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Gaia and the colonization of MarsThe Gaia hypothesis states that the atmosphere, hydrosphere, surface sediments, and life on Earth behave dynamically as a single integrated physiological system. What has been traditionally viewed as the passive environment is a highly active, integral part of the gaian system. Aspects of the surface temperature and chemistry are regulated by the sum of life, the biota. Formulated first by James E. Lovelock, in the late 1960s, the Gaia hypothesis has been in the scientific literature for more than 25 years. Because of its properties of exponential growth and propagation, life is a powerful geologic force. A useful aspect of the Gaia idea is that it requires integration of scientific disciplines for the study of Earth. The recently touted Earth system science is broadly parallel with the gaian concept of the physiochemical regulation of Earth's surface. We discuss here, in a gaian context, the colonization of Mars by Earth organisms. Although colonizing Mars may be impossible, its accomplishment would be exactly equivalent to "the reproduction of Gaia by budding.".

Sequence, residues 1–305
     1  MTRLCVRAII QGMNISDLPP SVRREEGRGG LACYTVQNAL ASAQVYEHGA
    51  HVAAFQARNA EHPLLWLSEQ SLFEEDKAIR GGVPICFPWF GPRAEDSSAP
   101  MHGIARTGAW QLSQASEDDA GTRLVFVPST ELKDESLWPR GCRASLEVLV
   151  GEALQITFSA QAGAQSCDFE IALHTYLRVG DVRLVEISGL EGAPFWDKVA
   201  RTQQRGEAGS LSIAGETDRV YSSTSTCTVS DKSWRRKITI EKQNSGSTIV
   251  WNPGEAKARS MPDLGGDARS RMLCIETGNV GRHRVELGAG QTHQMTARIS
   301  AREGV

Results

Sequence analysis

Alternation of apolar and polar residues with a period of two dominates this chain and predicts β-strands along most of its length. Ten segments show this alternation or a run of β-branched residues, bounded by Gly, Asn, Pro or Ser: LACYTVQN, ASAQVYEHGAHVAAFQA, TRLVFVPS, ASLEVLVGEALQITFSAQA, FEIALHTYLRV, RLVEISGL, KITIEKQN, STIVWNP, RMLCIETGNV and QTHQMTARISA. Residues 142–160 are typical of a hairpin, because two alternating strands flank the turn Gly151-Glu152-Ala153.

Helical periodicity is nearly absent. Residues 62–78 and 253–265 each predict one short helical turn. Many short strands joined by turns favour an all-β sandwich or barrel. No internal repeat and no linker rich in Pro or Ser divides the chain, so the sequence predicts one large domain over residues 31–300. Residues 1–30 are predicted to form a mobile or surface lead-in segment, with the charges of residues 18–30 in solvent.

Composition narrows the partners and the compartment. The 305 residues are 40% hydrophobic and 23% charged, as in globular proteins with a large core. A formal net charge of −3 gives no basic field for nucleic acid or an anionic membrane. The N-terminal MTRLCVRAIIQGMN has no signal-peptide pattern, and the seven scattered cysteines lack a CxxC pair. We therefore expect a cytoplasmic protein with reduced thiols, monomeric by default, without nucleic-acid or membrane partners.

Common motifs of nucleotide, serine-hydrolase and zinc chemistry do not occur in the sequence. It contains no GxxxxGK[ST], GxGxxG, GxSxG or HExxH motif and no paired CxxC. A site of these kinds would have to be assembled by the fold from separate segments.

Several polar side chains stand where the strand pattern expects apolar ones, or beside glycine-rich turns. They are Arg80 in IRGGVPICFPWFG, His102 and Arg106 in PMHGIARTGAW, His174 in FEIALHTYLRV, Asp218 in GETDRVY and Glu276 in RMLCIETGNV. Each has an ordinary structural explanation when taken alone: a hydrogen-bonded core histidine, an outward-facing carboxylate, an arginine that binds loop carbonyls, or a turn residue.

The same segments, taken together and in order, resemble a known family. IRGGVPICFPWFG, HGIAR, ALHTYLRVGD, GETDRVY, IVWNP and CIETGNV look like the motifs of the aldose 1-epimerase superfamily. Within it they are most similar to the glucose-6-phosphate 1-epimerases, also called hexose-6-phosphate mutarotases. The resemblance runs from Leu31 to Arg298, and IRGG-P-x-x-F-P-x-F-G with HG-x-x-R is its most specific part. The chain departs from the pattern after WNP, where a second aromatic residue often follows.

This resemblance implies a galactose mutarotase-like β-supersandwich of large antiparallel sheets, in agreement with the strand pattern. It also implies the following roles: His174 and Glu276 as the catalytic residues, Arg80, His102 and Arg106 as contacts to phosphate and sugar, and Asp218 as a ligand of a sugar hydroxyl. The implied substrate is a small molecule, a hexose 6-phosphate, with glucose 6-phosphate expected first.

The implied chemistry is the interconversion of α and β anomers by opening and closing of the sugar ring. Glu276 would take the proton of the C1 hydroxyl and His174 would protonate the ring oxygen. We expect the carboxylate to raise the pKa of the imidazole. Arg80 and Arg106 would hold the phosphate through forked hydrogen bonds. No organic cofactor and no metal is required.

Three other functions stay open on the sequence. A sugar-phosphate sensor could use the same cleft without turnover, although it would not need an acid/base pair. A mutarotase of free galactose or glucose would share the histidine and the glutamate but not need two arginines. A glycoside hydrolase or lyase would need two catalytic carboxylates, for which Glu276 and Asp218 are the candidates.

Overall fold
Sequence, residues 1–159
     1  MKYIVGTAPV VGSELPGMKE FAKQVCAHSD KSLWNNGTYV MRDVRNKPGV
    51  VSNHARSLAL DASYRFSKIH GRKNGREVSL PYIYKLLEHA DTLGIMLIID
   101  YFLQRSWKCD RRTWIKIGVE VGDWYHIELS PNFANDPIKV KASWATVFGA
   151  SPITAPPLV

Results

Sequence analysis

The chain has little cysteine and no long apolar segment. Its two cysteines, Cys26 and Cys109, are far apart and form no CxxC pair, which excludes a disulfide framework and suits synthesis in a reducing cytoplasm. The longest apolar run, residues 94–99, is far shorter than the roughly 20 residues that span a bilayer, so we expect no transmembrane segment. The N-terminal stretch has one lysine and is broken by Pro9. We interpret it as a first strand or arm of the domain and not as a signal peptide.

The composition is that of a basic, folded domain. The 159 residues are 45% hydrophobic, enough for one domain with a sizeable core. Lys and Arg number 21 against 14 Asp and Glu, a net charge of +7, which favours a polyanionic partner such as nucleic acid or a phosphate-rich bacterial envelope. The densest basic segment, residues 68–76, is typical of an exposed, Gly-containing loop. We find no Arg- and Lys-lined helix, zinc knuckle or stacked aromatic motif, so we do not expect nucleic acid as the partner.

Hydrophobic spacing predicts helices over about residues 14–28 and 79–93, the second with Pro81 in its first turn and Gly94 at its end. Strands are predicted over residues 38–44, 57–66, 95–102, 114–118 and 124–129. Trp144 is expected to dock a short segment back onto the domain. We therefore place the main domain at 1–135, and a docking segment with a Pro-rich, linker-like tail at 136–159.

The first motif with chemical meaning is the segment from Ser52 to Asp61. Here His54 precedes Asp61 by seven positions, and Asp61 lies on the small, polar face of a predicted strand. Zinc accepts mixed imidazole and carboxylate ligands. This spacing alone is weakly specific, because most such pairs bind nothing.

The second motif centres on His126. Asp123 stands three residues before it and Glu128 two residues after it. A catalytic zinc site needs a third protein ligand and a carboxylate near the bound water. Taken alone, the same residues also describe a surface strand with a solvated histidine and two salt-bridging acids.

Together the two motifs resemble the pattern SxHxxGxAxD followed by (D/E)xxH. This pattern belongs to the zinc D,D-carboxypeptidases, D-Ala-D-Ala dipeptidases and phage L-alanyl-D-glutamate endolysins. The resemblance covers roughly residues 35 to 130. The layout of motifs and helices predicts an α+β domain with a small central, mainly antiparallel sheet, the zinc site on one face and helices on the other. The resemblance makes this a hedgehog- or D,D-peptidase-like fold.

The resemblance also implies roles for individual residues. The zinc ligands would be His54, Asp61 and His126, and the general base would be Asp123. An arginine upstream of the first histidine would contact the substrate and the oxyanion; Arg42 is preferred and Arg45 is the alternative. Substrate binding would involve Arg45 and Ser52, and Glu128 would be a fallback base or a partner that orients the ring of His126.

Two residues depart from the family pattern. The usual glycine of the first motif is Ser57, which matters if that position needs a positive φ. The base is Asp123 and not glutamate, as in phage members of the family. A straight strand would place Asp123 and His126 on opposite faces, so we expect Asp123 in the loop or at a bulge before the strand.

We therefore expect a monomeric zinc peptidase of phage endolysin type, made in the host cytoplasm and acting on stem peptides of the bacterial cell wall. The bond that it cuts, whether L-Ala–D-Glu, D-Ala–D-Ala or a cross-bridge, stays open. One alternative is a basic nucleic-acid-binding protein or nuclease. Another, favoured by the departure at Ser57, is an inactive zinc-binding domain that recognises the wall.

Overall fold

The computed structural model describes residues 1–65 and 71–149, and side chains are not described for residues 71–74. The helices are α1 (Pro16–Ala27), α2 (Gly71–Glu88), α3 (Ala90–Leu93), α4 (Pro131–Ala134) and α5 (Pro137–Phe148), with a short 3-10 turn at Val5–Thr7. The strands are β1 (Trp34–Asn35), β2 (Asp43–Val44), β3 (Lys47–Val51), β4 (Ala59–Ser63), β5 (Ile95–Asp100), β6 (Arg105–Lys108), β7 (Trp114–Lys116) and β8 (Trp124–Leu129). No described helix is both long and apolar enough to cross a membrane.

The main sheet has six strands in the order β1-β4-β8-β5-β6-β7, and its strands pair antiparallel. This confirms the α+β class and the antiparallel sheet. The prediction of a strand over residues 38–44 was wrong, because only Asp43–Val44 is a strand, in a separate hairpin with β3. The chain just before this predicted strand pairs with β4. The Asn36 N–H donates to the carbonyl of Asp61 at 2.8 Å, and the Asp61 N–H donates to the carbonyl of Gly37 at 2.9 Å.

Document ID
20040089452
Document Type
Reprint (Version printed in journal)
Authors
Margulis, L. (University of Massachusetts Amherst 01003, United States)
West, O.
Date Acquired
August 21, 2013
Publication Date
November 1, 1993
Publication Information
Publication: GSA today : a publication of the Geological Society of America
Volume: 3
Issue: 11
ISSN: 1052-5173
Subject Category
Lunar and Planetary Science and Exploration
Distribution Limits
Public
Copyright
Other
Keywords
NASA Discipline Exobiology
Non-NASA Center